Labrisomus pomaspilus is a species of labrisomid blenny only known from the Pacific coast in the area of Esmeraldas, Ecuador and from some locations in Colombia. This species is known to be a tide pool denizen. A female of the species measured 8.4 centimetres (3.3 in) SL.

Notheia anomala

Notheia anomala is a macroalgae in the family Notheiceae and the order Fucales. It is native to New Zealand and Australia.

It is an obligate epiphyte that is commonly found growing on Hormosira (although there is a single unconfirmed observation of Notheia being attached to Xiphophora chondrophylla).Hormosira is also from the order Fucales - and it is rare to have an epiphyte so closely related to its host.

It appears Notheia growth is entirely dependent on being attached to Hormosira. For example, attempts to grow Notheia in culture were unsuccessful until Hormosira extracts were added. However, there are few suggestions as to whether Notheia has a parasitic effect on Hormosira.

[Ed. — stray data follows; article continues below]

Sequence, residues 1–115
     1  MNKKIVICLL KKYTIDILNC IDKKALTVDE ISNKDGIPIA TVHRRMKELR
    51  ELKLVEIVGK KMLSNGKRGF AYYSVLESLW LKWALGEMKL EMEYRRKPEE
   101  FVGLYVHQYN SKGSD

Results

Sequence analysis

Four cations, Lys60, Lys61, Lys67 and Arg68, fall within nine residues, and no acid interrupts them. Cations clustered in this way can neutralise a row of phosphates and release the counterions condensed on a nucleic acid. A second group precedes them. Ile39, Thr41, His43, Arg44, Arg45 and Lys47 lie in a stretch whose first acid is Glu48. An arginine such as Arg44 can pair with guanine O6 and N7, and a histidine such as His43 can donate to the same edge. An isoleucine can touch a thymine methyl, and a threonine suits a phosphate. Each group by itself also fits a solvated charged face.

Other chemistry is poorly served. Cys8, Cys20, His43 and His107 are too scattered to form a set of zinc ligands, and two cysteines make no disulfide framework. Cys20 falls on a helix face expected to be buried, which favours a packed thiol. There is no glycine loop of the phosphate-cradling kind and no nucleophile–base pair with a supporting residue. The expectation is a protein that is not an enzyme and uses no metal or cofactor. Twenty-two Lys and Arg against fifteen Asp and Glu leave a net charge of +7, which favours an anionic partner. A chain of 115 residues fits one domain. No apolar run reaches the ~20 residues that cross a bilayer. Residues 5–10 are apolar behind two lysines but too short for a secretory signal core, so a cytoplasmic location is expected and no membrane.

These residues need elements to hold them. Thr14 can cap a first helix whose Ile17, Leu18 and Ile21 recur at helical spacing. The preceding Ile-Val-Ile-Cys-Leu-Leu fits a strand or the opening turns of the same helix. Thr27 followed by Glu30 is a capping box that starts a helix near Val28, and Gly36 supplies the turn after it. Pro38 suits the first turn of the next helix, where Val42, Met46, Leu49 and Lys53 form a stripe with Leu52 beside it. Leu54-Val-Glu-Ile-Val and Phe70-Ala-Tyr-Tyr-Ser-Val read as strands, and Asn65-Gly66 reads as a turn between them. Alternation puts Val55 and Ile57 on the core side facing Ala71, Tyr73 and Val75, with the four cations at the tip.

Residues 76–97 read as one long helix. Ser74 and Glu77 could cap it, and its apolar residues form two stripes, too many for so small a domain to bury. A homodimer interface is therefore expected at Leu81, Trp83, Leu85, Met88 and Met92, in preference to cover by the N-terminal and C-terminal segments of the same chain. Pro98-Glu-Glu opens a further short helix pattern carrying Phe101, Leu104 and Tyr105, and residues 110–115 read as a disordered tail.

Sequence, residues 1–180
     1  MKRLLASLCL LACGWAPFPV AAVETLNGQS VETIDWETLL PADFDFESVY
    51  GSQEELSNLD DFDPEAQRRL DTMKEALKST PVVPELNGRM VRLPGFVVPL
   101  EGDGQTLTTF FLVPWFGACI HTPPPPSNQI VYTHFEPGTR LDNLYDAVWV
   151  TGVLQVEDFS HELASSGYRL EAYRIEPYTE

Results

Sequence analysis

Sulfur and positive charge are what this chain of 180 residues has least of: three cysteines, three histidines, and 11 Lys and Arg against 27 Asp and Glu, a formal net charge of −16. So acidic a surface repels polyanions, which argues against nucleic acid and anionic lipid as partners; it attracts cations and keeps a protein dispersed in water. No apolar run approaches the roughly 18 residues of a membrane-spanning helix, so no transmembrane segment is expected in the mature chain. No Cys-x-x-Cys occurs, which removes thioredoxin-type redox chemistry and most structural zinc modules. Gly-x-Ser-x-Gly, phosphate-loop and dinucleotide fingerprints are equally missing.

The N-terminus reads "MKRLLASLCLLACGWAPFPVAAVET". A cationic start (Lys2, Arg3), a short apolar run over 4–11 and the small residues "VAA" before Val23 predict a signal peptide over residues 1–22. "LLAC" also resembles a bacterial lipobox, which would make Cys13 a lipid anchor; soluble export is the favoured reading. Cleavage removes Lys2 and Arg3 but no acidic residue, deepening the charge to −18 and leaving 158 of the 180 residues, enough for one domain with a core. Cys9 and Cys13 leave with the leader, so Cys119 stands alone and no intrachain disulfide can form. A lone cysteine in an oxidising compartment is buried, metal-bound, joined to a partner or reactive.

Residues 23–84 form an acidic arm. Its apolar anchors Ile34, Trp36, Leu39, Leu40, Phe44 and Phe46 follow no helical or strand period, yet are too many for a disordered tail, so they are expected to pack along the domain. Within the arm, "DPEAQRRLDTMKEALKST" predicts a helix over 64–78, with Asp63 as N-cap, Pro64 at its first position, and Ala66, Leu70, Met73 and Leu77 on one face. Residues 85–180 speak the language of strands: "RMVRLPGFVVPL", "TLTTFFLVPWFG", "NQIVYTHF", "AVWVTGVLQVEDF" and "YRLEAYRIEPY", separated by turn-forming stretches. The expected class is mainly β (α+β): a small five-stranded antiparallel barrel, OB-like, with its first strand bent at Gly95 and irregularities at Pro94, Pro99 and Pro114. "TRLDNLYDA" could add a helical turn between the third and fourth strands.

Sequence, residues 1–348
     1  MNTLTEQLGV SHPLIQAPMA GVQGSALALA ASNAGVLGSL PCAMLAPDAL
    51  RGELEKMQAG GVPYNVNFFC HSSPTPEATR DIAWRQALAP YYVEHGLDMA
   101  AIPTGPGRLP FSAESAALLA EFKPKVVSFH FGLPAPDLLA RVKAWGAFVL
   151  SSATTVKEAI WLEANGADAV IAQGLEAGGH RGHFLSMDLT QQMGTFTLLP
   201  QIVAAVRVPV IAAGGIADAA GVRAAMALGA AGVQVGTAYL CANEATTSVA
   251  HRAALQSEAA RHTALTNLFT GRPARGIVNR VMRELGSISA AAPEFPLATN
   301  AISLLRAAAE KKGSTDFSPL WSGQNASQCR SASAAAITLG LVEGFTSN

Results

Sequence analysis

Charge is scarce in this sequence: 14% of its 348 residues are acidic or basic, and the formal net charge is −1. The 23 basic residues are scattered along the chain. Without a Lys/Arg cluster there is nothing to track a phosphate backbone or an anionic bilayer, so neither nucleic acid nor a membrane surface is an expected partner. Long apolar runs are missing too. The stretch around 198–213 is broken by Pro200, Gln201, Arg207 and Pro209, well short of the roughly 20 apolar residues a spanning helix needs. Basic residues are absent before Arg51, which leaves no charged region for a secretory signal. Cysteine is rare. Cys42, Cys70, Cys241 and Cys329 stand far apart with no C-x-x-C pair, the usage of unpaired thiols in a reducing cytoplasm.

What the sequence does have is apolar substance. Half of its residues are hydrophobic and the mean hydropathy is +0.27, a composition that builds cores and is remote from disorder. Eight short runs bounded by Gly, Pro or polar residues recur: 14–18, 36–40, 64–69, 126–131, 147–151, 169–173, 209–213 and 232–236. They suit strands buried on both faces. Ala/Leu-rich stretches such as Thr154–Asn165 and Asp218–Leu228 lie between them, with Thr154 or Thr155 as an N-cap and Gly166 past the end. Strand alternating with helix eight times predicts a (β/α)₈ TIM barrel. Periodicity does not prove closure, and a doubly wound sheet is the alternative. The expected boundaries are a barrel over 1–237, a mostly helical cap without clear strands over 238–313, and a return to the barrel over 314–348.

When Hallam et al. (1980) studied natural populations of Hormosira in Australia they found that tide pool populations had a consistently higher proportion of infected plants (with Notheia) than the low shore reef populations. This suggests that Notheia has a much narrower tolerance limit than its host. They found that sexually mature Hormosira plants carried more infections and the infections were most abundant on the reproductive conceptacles usually close to the osteoles. When looking at the settlement preferences of Notheia, Hallam and colleagues (1980) discovered that it did not show any partiality towards a particular sex of its dioecious host.

Ocynectes

Ocynectes is a genus of tide pool dwelling sculpins native to the northwestern Pacific Ocean.

Otter Rock, Oregon

Otter Rock is an unincorporated community in Lincoln County, Oregon, United States. It is located on U.S. Route 101 along the Oregon Coast. Otter Rock is 5.4 miles south of Depoe Bay and 8 miles north of Newport, Oregon. Otter Rock takes its name from a rock located about 1⁄2 mile (0.8 km) offshore and 3.25 miles (5.23 km) north of Yaquina Head where sea otters formerly lived.There are various activities to do around Otter Rock throughout the year such as surfing, wine tasting, whale watching, tide pool exploring, and beach combing. The Devils Punch Bowl State Natural Area is located in Otter Rock.